AnOvaExercises
   1. How large is the sum of squares between if the group means are equal?

   2. How is the sum of square...
-1.0         -0.5
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0.0          0.5
0.5          1.0
1.0          1.5
1.5          2.0
2.0          none

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An Ova Exercises
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An Ova Exercises

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An Ova Exercises

  1. 1. AnOvaExercises 1. How large is the sum of squares between if the group means are equal? 2. How is the sum of squares within related to how spread out the points are within the groups? Explain why. 3. Why are the squared differences between sample means and the grand mean multiplied by n when computing the sum of squares between. 4. Compare and contrast the analysis of sample datasets 3 and 4. 5. 6. 7. 8. 9. 10. 11. 12. 13. 14. For each distribution, a Chi Square test is performed to test whether the observed frequencies differ significantly from the expected frequencies. Computationally, this is done by computing (E-O)2/E for each interval and summing the results (E is the expected frequency and O is the observed frequency). Most likely, the test will be not show a significant difference for the normal distribution and will show a highly significant difference for the uniform distribution. Of course, by chance, your results may vary. Exercises 1. Compute the Chi Square test using a hand calculator and see if your result matches the applet's result. 2. The intervals for the normal distribution frequencies are: lower Upper limit Limit none -2.0 -2.0 -1.5 -1.5 -1.0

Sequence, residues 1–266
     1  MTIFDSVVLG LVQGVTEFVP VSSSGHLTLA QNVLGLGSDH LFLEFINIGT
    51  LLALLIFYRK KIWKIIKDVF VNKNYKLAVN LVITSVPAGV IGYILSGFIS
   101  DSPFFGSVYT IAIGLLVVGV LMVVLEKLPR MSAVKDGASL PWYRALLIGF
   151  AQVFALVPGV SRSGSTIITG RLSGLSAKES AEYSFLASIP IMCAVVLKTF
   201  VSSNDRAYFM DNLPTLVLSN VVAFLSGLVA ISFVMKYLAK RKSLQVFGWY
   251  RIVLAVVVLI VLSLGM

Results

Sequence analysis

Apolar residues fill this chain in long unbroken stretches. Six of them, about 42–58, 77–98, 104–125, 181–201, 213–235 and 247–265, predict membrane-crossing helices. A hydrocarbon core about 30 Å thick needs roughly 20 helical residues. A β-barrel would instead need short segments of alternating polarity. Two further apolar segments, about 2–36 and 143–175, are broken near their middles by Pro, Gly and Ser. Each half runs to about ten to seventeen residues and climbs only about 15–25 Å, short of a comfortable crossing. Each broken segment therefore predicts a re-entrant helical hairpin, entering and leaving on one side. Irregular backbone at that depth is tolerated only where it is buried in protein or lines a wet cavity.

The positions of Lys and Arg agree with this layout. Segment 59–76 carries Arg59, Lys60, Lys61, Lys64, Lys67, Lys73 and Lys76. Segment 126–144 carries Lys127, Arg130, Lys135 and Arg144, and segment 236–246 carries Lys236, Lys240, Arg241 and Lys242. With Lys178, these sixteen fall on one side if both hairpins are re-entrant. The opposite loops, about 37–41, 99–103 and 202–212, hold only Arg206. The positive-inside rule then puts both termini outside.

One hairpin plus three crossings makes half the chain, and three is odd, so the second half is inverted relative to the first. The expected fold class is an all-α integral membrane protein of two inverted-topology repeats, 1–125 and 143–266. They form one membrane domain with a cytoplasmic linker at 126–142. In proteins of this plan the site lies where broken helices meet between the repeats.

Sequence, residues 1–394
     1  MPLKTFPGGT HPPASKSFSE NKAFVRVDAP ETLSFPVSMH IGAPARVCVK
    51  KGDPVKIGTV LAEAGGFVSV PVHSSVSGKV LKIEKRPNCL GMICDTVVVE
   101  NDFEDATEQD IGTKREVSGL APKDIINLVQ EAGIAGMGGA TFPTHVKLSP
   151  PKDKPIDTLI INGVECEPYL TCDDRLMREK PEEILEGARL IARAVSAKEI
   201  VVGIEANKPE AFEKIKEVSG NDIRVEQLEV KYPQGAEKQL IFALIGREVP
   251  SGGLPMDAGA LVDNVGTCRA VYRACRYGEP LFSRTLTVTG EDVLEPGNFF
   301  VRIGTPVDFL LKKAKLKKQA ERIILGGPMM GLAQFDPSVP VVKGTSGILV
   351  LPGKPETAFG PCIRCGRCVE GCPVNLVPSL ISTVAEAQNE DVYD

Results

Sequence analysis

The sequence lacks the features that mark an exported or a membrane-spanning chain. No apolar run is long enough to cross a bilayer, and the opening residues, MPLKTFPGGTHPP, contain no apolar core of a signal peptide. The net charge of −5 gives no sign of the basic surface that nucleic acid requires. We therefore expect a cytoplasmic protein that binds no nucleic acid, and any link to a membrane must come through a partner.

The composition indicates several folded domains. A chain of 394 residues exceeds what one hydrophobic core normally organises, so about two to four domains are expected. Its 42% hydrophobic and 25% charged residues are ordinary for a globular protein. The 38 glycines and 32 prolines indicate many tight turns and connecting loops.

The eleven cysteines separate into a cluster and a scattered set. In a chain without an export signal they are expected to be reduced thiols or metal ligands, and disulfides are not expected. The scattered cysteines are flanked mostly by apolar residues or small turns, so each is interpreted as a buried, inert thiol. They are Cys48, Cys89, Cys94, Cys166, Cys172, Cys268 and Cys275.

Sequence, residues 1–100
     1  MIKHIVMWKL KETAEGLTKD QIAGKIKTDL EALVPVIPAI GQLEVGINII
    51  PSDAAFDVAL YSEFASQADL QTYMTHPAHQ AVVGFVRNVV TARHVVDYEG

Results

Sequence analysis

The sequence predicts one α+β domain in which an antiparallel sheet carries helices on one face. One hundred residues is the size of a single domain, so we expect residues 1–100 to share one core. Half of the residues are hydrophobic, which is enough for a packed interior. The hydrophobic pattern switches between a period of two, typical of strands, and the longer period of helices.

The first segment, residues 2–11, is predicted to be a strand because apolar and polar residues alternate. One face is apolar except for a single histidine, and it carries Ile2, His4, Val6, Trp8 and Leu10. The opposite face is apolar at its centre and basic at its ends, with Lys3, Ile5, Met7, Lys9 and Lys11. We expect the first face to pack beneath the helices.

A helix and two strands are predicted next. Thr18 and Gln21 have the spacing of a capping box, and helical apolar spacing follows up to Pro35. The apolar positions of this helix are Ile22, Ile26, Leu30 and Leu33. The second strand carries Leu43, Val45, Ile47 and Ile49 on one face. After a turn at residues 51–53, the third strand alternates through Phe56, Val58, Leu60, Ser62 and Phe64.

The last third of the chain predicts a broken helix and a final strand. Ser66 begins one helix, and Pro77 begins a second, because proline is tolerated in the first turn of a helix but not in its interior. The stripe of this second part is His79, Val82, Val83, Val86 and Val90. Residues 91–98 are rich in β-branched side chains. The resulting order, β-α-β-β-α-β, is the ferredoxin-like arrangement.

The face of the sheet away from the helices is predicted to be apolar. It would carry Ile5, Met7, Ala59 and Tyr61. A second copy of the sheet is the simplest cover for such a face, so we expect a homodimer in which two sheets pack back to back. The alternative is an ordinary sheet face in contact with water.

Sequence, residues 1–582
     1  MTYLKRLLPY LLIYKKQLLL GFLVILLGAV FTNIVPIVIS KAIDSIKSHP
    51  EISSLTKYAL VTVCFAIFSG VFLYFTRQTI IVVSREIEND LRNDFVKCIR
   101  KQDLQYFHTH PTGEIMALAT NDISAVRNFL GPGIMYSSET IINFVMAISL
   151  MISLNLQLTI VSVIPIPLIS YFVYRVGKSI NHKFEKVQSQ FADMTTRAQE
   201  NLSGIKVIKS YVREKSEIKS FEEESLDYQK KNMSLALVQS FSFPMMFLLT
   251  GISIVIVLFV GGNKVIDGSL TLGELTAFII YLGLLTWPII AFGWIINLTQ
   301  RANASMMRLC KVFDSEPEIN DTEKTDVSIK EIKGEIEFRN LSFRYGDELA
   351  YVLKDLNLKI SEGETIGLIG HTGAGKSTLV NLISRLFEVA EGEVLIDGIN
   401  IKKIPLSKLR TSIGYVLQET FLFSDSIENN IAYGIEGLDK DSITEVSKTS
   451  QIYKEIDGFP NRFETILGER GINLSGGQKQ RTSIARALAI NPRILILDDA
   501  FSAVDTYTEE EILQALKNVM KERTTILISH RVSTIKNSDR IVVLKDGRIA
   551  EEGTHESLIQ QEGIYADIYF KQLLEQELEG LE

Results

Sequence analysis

2. 2. -1.0 -0.5 -0.5 0.0 0.0 0.5 0.5 1.0 1.0 1.5 1.5 2.0 2.0 none Note that since a normal distribution is continuous, no scores will fall exactly on the interval boundaries. Compute the expected frequencies based on the normal distribution and see if they match those shown in the applet. 3. Set the actual distribution to "uniform" and keep sampling until you find a sample with a probability value of about 0.50 (for deviations from a uniform distribution). Record these results and show them to a friend who hasn't taken statistics (Don't show the statistical analysis). Ask the friend how often they would expect to find such large deviations from a uniform distribution if the numbers were really sampled from a uniform distribution. 4. What are the assumption(s) of the Chi Square Test? 5. In the Texas lottery, balls with numbers ranging from 1-50 are put in a bin and 6 are drawn without replacement. To see if some numbers came up more frequently than expected by chance, you could take all the numbers selected in the last year and count the frequencies of each of the 50 possible outcomes. Would any assumption of the Chi Square test be violated if you used it to test for deviations from a uniform distribution? If so, would the violation tend to increase or decrease the value of Chi Square? 6. There were 104 drawings in the Texas lottery in 1998. For each of the first 100 drawings, select one of the 6 numbers at random and count the number that fall in each of the following intervals: 1-5, 6-10, 11-15, 16-20, 21-25, 26-30, 31-35, 36-40, 41-45, 46-50. Test whether the numbers deviate significantly from a uniform distribution (for which the expected frequency for each interval is 10 since there are 100 numbers and 10 intervals). 7. Compute the mean of the six numbers drawn for each of the first 100 drawings of 1998. Test whether the numbers deviate from a normal distribution. Hint: Standardize the 100 means and use the expected values shown in the simulation with the intervals shown in Question 2 on this page. 15. 16.

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